Seinfeld (1989–1998)
8.3/10
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The Note 

Physical therapy proves painful for Jerry when his small talk with the therapist leads to a misunderstanding; Jerry uses a dentist note to cover his therapy.

Director:

Tom Cherones

Writers:

Larry David (created by), Jerry Seinfeld (created by) | 1 more credit »
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Cast

Episode complete credited cast:
Jerry Seinfeld ... Jerry Seinfeld
Julia Louis-Dreyfus ... Elaine Benes
Michael Richards ... Kramer
Jason Alexander ... George Costanza
Ralph Bruneau Ralph Bruneau ... Roy
Terri Hanauer ... Julianna
Jeff Lester ... Raymond
Flo Di Re Flo Di Re ... Receptionist (as Flo DiRe)
Liz Georges Liz Georges ... Pam
Paul Antony Rogers Paul Antony Rogers ... Man in Waiting Room (as Paul Rogers)
Dale Raoul ... Dental Patient
Joshua Liebling Joshua Liebling ... Billy
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Storyline

Elaine and George are fascinated to learn that a massage from a physical therapist can be claimed on health insurance if they have a doctor's note. Jerry offers to get his dentist friend to provide a note for them. George is enthusiastic about it all until he learns that his massage will be given by Raymond, leading him afterward to wonder if he is gay. Jerry is having his own problems with his masseuse who now fears he's a child molester. Kramer meanwhile has trouble convincing everyone that he saw Joe DiMaggio in coffee shop. Written by garykmcd

Plot Summary | Add Synopsis

Genres:

Comedy

Certificate:

PG | See all certifications »
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Details

Country:

USA

Language:

English

Release Date:

18 September 1991 (USA) See more »

Company Credits

Show more on IMDbPro »

Technical Specs

Runtime:

Sound Mix:

Stereo

Color:

Color

Aspect Ratio:

4:3
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Did You Know?

Trivia

Jerry (Jerry Seinfeld) and Elaine (Julia Louis-Dreyfus) rekindled their romantic relationship in the final episode produced for the second season, Seinfeld: The Deal (1991). During his stand-up performances, Seinfeld would ask the audience if the relationship should continue and the answer was always a resounding "No." Larry David agreed and it was decided that Jerry and Elaine would no longer be romantically involved. See more »

Goofs

The mere existence of duplicate referrals for Elaine would not cause any problem; the question of fraud would only arise if both notes were turned in to the clinic and then into the insurance company, and why would Jerry give them the one he got from Roy? He would give Elaine the note for her to hand in. See more »

Quotes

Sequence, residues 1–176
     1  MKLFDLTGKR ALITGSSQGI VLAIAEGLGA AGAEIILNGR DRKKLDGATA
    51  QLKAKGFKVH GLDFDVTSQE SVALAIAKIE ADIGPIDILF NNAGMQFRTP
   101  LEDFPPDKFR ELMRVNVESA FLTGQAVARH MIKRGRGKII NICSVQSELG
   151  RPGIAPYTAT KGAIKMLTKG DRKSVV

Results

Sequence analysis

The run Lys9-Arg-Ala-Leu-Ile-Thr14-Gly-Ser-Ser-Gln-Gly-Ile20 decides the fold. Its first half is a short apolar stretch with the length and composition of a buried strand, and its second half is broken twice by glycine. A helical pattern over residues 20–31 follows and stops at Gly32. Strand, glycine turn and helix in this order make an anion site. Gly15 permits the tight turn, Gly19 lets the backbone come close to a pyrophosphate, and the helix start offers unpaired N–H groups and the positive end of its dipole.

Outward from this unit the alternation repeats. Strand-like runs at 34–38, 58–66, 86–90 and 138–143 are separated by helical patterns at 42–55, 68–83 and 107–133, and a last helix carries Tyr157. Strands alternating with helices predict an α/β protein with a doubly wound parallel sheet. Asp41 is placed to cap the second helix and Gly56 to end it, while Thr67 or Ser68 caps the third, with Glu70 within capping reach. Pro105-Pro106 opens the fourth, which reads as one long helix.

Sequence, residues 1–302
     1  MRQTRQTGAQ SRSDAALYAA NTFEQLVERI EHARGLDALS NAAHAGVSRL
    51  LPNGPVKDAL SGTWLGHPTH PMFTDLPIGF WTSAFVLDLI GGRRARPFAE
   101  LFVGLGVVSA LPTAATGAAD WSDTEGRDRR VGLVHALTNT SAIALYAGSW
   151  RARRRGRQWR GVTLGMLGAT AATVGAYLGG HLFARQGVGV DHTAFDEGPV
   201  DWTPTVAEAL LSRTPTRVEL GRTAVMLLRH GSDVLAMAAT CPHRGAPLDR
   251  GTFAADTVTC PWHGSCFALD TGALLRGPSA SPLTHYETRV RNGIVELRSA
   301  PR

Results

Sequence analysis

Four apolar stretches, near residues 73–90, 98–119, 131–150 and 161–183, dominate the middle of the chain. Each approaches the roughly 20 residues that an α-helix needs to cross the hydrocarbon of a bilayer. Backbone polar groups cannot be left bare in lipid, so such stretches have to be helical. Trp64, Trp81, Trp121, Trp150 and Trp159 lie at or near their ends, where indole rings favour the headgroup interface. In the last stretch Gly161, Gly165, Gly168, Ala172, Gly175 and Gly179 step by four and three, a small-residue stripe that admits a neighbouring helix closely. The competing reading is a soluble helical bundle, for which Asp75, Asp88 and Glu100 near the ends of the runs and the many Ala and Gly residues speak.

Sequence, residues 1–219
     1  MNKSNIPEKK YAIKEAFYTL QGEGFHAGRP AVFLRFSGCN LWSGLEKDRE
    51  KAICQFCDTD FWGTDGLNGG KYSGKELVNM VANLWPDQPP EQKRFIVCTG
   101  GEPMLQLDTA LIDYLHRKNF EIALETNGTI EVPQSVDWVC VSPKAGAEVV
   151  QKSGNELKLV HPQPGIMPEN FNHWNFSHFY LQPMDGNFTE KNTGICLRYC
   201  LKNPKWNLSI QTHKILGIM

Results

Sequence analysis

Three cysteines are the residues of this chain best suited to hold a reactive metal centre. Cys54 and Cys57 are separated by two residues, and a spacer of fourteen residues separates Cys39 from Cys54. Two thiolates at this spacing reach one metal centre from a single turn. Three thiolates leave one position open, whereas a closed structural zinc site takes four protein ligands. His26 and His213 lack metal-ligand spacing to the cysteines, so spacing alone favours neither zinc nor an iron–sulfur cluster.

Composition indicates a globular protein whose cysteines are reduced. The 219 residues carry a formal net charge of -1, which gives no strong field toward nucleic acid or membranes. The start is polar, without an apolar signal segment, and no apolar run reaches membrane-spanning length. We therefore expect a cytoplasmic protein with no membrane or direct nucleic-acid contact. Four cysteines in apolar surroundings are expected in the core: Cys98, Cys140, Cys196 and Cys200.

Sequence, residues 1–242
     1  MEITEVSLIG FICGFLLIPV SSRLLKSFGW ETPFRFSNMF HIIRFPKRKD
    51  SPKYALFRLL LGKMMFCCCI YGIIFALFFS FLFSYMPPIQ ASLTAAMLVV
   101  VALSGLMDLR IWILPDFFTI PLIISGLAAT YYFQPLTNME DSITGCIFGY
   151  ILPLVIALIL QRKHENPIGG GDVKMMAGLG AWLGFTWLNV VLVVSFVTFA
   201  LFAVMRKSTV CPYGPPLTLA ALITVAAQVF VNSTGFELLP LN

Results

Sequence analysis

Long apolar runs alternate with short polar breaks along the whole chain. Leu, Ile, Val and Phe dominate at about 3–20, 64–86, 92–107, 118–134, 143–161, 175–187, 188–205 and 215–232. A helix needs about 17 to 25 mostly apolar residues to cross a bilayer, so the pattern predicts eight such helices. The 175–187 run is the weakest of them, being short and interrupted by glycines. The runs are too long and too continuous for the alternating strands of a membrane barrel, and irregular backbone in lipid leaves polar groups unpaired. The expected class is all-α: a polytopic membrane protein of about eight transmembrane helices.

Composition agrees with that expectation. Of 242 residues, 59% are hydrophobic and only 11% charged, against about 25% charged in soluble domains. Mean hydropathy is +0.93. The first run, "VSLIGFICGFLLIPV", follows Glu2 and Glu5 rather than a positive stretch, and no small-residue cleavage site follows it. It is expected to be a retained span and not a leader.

George Costanza: I don't even like to use urinals. I've always been a stall man.
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Connections

Referenced in Mike & Mike: Episode dated 21 December 2015 (2015) See more »

Soundtracks

Seinfeld Theme Song
Written by Jonathan Wolff
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User Reviews

 
"I think it moved."
14 February 2008 | by MaxBorg89See all my reviews

The protagonist is suspected of being a child molester, while his best friend might be homosexual. In any other sitcom made in the early '90s, such a premise would have been greeted with loud boos. But since we're talking about Seinfeld, the insane pitches in question are nothing more than an exquisitely witty start for the celebrated show's third season.

That said, one might wonder how on Earth Jerry might be suspected of something that serious? It's quite simple, actually: he made a few remarks to his physical therapist about a boy who was kidnapped in Pennsylvania, and given the female doctor has a young son of her own she doesn't feel very comfortable around the comedian anymore. As for George, he attempts to get a free massage, only to be taken care of by a man, an event which causes him to question his sexual preferences. Oh, and Kramer claims he saw Joe DiMaggio in a coffee shop.

The Note features some genuinely memorable Seinfeld moments, as always when the script is signed by Larry David. In fact, the whole child kidnapper story arc might have served as inspiration for the bit in Curb Your Enthusiasm where a little girl yells about Larry having "something hard in his pants" (yeah, a bottle of water). The funniest scenes, however, are all George-centric, especially the excruciatingly hilarious scene where he describes the massage he received and says: "I think it moved.". That line, which even got spoofed in Season 4, is George Costanza at his purest: insecure, whining and irresistibly pathetic. Enough said.


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